Patients in poorer areas also reportedly receive worse treatment than those in wealthier areas in almost every area in the UK, with longer wait times in Accident and Emergency departments and lower satisfaction with GP appointments.
This results in an increasing life expectancy for those who are better off, but in areas that are predominantly working class, there is no increase, and in some places, life spans have begun to decrease.The charity started out essentially as an Instagram page, publicising their resources through social media and organising tutoring and coaching sessions, with Azita finding fellow medical students that “were also passionate about making medicine accessible.”
They eventually branched out to include students from other universities and built a team of more than thirty tutors, but their sights were always set on becoming a registered charity.
“It was always the plan to become a charity as we can’t provide everything without donations, such as exam preparation materials and websites.”
Members of the PathwaytoMed team had, up until they were granted charity status, been paying for materials out of their own pockets, “and as much as we wanted to help, this wasn’t feasible in the long run as our list of sign-ups grew,” Azita told us.
Since expanding as a charity, the group has been able to provide help to more students, “from simple improvement of their grades to helping to get interviews and secure offers.”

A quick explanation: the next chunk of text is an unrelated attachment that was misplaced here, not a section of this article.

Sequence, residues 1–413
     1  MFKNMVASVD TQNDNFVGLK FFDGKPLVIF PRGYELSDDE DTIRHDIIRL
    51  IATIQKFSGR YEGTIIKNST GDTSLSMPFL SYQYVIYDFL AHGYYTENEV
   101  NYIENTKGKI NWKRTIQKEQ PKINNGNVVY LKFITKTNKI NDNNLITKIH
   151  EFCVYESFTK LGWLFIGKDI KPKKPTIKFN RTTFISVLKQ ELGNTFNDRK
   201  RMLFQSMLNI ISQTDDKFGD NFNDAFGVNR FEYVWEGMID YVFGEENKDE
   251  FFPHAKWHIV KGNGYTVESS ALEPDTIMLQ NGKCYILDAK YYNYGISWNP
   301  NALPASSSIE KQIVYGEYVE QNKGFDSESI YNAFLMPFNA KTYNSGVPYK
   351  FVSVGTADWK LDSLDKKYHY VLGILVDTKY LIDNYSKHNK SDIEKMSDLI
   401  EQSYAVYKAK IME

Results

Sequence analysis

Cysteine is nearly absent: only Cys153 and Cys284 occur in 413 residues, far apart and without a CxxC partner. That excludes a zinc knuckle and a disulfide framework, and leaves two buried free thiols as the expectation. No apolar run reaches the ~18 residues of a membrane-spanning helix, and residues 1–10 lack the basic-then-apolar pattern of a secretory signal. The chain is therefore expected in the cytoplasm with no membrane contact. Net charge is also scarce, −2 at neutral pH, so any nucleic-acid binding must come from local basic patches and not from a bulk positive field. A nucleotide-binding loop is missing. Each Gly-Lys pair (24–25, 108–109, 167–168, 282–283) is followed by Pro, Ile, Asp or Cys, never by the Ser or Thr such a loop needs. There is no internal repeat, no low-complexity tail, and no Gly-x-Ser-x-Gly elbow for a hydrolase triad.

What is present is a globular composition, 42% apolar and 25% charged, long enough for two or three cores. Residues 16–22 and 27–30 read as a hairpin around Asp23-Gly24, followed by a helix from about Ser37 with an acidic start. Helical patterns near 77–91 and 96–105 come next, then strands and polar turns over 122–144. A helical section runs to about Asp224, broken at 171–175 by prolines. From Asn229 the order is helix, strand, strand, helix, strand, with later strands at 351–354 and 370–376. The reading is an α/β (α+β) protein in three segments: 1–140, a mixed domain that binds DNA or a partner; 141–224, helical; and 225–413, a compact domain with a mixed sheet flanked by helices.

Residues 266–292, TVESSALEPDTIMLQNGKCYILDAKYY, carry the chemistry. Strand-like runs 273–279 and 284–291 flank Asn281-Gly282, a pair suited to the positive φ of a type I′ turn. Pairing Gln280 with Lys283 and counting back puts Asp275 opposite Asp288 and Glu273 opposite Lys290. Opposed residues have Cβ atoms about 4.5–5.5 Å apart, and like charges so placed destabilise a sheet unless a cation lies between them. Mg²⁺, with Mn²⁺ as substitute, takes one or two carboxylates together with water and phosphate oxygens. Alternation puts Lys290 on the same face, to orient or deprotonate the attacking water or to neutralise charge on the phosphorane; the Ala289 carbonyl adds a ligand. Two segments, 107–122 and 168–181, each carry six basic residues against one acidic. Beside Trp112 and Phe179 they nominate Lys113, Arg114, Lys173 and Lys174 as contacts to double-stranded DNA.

They also increased the production of online resources for their Instagram, YouTube and website for students to access at any time of day, including GCSE and A-Level tutoring materials, and entry exam and interview resources.
Britain’s wealth gap swelled massively during the pandemic, the richest 10% of the population gained an average of £50,000, and increased wealth during lockdowns benefited the rich “by a ratio of over 500 to 1.”
Given this class disparity, combined with a growing percentage of people of colour and immigrant patients, Azita believes medical provision needs to change to reflect this.
“It’s important that our population of doctors can relate to and understand their patients. This applies both in terms of class and cultural background – the matter is intersectional. There are various cultural nuances that may seem small but actually make a big difference to patient-doctor interactions.”
Getting more state school students into medical courses and diversifying medicine isn’t just “for patients to see themselves in the people from whom they are receiving care,” it’s also about the doctors themselves.
While black and minority ethnic staff make up 42% of the NHS workforce, they still “remain under-represented in senior positions, including at consultant grade roles and in academic positions,” according to a 2021 NHS report.
This is why it is so important for PathwaytoMed to support students from state school backgrounds, so that they can access the same opportunities as those who have had private tutoring and interview coaching.
“Ultimately”, Azita tells us, “if a student wants to achieve the goal of becoming a doctor, they should be able to do that without being disadvantaged in any way and they deserve that right.”
Featured Image by the National Cancer Institute via Unsplash CC.
Edited by Lucy Crayton and Ana Drula.